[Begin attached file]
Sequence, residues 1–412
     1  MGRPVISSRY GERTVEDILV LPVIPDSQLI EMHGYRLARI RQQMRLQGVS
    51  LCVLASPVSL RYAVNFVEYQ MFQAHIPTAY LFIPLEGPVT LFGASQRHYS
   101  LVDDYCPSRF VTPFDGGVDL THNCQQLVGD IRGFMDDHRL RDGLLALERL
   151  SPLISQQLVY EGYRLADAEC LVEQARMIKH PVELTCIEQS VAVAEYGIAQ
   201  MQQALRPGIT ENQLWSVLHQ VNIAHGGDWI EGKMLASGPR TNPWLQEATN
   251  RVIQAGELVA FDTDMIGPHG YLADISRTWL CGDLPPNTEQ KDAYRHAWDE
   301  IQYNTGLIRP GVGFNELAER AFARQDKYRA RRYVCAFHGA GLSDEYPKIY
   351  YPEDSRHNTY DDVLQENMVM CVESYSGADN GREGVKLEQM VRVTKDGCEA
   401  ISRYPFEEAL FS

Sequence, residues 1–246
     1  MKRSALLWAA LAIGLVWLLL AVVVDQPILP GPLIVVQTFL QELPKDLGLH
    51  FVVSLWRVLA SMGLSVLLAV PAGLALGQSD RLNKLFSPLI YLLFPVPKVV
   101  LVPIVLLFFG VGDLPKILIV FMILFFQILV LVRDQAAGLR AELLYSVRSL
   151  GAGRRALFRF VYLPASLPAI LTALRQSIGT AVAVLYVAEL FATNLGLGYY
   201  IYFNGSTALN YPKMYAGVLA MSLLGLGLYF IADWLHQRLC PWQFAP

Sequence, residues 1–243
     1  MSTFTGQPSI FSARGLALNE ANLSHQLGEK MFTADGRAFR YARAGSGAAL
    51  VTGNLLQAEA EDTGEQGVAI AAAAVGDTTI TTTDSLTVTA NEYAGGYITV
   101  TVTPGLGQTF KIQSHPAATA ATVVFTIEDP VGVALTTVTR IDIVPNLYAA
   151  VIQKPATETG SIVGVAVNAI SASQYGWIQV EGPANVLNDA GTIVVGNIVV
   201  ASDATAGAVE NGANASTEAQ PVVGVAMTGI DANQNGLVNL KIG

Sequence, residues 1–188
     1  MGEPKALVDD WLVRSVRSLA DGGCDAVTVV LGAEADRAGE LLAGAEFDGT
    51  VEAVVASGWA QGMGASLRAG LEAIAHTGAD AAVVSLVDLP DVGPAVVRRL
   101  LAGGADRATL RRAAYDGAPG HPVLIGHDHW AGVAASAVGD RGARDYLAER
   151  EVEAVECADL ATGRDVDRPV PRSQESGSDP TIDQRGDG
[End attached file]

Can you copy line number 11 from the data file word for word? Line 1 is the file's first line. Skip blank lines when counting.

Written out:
Sequence, residues 1–246